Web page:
I have a friend who vehemently disagrees with the notion of abortions and she abhors the thought. It is THE reason she identifies as a Republican and accepts a lot of the other more questionable rhetoric spewed from the Right. I have thought, on many occasions, why even we could not agree, substantively, on ways to reduce abortions and why her religious belief on one issue should be forced on others in a country where abortion is legal and based on a women’s right to choose OR not choose (hopefully in consultation with the child’s father and if she is a person of faith, with her God). This Maddow Blog post actually made me think and re-evaluate why the chasm may be so big between my friend and I, and thus, between the two competing sides of the abortion debate.
A larger theme in the Republican war on abortion rights didn’t occur to me until I read it in a comment by GrrrlRomeo on Wednesday’s links post. Since then I’ve seen it echoed a few more times, including on the show last night in the interview with N.O.W. president Terry O’Neill.
The idea, in short, is that if your goal is to restore old-fashioned gender roles and family structure to the American way of life, taking away a woman’s ability to have sex without getting pregnant is a fast way to reach that goal.
From GrrrlRomeo’s comment:
Yes, there is a faction of anti-abortion activists that only want to save the fetuses at any and all costs. But the broader mainstream conservative strategy is the same as it ever was. They don’t think the government should fund services for people they deem to be leading an immoral lifestyle (people who have sex).
While there have been a lot of mentions of Pap tests, no one is really saying what it’s for. It’s a cancer screening for a cancer that’s caused by HPV, a sexually transmitted infection that affects 50% of men and women at some point in their lives.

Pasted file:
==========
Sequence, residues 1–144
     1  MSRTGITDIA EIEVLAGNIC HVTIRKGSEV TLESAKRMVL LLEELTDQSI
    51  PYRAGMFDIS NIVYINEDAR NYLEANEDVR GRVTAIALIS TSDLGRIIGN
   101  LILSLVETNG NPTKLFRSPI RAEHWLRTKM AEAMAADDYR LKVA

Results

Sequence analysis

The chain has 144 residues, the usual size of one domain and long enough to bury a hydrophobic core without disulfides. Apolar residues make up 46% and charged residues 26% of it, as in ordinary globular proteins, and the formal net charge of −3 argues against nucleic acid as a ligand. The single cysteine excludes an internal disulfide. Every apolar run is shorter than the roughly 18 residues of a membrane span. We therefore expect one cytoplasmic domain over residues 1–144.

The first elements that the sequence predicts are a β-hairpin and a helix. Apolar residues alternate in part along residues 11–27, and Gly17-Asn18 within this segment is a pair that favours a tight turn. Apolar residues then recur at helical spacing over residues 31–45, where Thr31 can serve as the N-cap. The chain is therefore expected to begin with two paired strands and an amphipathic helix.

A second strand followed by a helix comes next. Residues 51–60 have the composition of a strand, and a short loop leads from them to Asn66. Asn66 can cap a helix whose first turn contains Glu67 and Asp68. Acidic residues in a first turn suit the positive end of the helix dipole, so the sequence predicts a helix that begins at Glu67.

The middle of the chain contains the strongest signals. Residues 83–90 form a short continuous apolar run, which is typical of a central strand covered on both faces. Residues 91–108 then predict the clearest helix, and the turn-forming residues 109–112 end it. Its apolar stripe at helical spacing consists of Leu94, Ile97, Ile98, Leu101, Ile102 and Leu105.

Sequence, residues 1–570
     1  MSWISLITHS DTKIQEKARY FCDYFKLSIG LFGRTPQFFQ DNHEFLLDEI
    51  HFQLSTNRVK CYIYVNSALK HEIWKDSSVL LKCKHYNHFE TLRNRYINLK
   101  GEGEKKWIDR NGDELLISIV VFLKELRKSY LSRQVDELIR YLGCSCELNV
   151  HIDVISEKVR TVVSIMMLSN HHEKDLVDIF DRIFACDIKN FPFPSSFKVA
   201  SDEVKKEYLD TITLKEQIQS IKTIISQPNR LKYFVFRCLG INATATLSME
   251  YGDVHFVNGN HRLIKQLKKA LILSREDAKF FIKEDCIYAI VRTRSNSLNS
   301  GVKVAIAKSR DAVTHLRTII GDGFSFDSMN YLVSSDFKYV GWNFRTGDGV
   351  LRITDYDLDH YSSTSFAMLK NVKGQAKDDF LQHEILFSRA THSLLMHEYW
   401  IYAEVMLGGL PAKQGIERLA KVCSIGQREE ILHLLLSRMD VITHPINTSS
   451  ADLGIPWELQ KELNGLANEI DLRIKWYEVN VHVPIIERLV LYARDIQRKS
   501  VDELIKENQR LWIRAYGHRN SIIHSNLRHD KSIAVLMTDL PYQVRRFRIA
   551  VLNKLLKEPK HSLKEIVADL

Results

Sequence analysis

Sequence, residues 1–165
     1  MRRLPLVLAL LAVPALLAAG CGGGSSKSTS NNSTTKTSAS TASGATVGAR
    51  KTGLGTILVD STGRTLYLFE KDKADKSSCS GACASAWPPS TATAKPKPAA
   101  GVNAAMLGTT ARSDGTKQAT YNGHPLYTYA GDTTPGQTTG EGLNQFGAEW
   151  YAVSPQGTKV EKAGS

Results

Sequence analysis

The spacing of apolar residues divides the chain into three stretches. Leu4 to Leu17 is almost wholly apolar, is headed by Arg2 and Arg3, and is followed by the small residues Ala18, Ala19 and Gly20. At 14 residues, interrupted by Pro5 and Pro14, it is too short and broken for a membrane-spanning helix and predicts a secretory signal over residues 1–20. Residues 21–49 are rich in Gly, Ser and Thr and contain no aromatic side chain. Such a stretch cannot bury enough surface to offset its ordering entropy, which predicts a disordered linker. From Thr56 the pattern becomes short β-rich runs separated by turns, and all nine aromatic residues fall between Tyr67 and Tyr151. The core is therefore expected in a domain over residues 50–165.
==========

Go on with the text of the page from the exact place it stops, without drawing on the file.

Here’s Gail Collins in yesterday’s New York Times:
For eons now, people have been wondering why the two sides can’t just join hands and agree to work together to reduce the number of abortions by expanding the availability of family-planning services and contraception.
The answer is that a large part of the anti-abortion community is also anti-contraception.
Beyond the science, there’s the fact that many social conservatives are simply opposed to giving women the ability to have sex without the possibility of procreation.
What we have here is a wide-ranging attack on women’s right to control their reproductive lives…
And N.O.W.’s Terry O’Neill last night:
And here`s the thing — this hostility to women`s abortion rights doesn`t stop with abortion. What we`re seeing across the board really is hostility to women`s reproductive health care rights. We just had a fight in which the extremists in the House of Representatives and in Congress tried to cut off funding, all funding, for family planning clinics that serve more than 5 million women and men every year, right? These are family planning clinics that don`t provide abortions, that provide contraception, pap tests, mammograms, STD testing and treatment, HIV/AIDS testing.
What`s happening is that as abortion — as anti-abortion laws gain more and more traction, we`re also seeing attacks on all of the other aspects of women`s reproductive health. And frankly, defunding the family planning clinics is a public health nightmare in the making. But we`re seeing these attacks across the reproductive health rights.
I also went back and re-watched Wednesday night’s interview with Cecile Richards, president of Planned Parenthood Federation of America and Planned Parenthood Action Fund, and I believe she was also alluding to this larger theme:
But I think what is important, too, Rachel, that folks understand that literally what the House of Representatives and what Speaker Boehner are trying to do is not end abortion services. They are trying to eliminate birth control and cancer screenings for women. – Will Femia